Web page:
Law Enforcement Learn New Approach to Investigate Human Trafficking Crimes
Law enforcement professionals in South Carolina learned new skills to identify human trafficking victims and investigate human trafficking crimes. 148 dedicated officers and agents from 58 agencies attended the training. Officers from neighboring states, North Carolina and Georgia, also attended the human trafficking training. From November 2018 through April 2019, ERASE Child Trafficking (ERASE) through several collaborations, presented five classes in different locations in South Carolina.
ERASE started providing the Advanced Human Trafficking Investigations Law Enforcement Course in January of 2017. Many changes have been made to account for new laws, technology, trafficking trends, and above all, participant feedback. The current course curriculum was developed by Richard Hoffman, along with Victor Williams, and Sandra Sparks. Together they have expertise in local and federal law enforcement operations, investigations, and task-force leadership. In addition expertise in public policy, community engagement, and advocacy.
Instructors for the class were Rick Hoffman and Victor Williams. There are also several guest instructors that present during different classes, Shanika Ampah, Kelly Alsobrook, Jane Anderson, and Victim Assistant Specialist, SAC-Dallas, Homeland Security Investigations. Guest instructors include survivor leaders, community advocates, attorney advisor, and mental health professionals.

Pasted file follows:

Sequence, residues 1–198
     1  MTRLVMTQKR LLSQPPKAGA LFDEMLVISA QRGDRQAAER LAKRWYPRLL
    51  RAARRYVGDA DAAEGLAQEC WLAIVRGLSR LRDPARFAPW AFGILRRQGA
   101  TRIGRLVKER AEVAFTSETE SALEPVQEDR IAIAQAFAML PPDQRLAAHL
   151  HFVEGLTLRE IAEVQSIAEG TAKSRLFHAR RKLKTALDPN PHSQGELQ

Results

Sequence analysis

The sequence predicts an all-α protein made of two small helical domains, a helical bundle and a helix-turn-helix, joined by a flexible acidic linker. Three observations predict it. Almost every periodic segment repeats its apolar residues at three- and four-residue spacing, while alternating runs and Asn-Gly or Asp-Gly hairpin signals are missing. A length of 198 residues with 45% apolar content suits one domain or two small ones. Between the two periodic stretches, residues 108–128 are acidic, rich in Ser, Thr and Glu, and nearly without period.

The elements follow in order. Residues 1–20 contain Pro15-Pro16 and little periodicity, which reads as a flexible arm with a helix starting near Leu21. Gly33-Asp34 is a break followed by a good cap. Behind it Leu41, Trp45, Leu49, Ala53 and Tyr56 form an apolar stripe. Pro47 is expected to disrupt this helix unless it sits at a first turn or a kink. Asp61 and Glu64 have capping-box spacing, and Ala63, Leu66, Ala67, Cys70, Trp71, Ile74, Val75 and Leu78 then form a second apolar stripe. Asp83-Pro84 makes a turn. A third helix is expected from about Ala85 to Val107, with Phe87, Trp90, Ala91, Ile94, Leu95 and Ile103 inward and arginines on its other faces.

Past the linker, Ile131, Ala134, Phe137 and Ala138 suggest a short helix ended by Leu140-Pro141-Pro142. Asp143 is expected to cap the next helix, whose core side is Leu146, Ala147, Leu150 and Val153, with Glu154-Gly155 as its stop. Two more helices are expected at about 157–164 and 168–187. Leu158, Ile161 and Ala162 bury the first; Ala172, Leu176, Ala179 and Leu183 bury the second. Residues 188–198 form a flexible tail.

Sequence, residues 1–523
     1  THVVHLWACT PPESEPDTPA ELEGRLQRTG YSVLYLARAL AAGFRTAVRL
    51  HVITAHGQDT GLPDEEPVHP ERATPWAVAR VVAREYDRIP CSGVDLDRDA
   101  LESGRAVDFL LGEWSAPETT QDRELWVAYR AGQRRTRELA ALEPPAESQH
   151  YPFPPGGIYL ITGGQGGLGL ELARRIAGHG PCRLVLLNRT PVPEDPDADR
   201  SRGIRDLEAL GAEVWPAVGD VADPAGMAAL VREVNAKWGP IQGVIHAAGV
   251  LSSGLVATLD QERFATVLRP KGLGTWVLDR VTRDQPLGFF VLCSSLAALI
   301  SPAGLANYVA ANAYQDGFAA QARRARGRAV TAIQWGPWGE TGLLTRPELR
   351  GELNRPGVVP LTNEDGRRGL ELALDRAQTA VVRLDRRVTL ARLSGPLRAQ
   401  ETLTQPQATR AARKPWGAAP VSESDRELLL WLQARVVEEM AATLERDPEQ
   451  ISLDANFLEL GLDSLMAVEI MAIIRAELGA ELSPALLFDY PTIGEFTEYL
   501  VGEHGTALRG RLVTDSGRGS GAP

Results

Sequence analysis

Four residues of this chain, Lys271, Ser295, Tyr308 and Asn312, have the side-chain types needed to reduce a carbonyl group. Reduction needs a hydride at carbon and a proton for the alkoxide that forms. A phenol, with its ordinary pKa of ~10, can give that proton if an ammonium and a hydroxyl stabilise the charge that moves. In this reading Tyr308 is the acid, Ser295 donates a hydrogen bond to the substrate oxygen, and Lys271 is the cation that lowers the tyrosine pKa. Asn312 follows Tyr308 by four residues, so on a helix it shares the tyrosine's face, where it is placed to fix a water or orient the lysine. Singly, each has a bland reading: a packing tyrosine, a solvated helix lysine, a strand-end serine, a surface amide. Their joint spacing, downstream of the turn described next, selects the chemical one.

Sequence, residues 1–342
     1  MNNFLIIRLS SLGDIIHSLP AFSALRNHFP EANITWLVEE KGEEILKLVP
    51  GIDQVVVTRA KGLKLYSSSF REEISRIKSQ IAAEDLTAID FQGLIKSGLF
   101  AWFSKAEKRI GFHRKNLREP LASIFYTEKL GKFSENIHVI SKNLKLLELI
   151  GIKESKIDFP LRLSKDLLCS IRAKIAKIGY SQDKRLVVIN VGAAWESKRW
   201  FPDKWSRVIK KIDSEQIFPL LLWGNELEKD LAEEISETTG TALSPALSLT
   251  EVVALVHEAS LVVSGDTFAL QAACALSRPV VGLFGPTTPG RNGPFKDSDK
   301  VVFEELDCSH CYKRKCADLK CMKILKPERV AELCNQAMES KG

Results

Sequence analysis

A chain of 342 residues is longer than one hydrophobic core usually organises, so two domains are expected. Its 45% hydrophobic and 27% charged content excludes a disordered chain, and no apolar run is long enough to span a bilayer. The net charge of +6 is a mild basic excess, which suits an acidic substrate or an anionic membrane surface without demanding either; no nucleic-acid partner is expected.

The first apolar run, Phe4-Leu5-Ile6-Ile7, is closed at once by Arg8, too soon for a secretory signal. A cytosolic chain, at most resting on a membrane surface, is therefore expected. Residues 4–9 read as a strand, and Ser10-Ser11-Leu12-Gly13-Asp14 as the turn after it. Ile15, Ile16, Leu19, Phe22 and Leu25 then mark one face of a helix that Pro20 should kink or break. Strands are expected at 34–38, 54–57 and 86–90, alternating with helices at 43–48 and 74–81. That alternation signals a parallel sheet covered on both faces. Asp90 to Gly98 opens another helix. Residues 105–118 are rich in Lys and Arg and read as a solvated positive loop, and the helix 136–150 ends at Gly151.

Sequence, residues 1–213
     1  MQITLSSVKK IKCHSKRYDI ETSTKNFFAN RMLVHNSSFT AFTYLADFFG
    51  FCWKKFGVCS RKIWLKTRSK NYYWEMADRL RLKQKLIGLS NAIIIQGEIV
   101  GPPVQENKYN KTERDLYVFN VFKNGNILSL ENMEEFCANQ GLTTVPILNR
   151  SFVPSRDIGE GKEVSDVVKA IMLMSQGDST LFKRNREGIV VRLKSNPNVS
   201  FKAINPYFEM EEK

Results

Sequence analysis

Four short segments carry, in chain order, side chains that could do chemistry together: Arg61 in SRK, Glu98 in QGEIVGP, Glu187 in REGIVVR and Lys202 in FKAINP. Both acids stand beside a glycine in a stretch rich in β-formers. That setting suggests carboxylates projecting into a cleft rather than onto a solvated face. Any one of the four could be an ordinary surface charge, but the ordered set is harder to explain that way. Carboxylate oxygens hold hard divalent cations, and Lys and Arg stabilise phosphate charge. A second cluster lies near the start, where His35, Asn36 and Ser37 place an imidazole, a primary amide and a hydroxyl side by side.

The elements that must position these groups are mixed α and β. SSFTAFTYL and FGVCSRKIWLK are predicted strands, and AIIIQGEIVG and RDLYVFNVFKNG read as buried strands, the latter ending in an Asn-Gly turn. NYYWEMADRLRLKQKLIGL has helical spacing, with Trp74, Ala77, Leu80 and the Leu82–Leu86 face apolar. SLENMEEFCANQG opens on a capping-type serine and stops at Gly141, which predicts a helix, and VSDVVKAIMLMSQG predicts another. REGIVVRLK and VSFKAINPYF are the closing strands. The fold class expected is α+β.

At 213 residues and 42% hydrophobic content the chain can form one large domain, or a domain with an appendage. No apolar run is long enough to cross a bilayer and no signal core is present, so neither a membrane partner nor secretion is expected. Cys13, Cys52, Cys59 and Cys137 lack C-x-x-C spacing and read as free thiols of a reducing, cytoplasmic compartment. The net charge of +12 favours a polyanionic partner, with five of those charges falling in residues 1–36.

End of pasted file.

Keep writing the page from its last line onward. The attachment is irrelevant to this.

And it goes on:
Human Trafficking Training
The goal of training is for officers to learn how to complete high impact investigations while being victim-centered. Lead instructor, Richard Hoffman, founder of IRIS Training and Consulting explains, “When teaching investigations on sex trafficking, one of the most common struggles for officers is differentiating between a prostitute and a person being prostituted. Every sex trafficking victim is forced or coerced to commit an act of prostitution. It is not always evident that these acts are being coerced or forced. Identification of victims and collection of evidence of coercion is a learned skill. A skill that must be taught and rehearsed to gain proficiency.”
The training covers the culture and mindset of human trafficking, principles, and practices of investigations and law enforcement tools and techniques. Due to regional and changing trafficking trends, Instructor Hoffman adjusted to the curriculum specifically for each class in South Carolina. The class includes several training labs for officers to gain experience utilizing new tools and technology. Throughout the class and during the labs, officers learn how to identify and recover a potential victim of sex trafficking. In addition, officers are provided training on a tool specific for law enforcement, created by Thorn and Digital Reasoning. Participants learn how best to use the tool as it applies to their investigations. Officers also learn the importance of focusing on the demand side of the commercial sex market. One of the labs covers how to use cost-effective deterrence methods to address sex buyers in their communities.
Viewing Human Trafficking Crimes Through a New Lens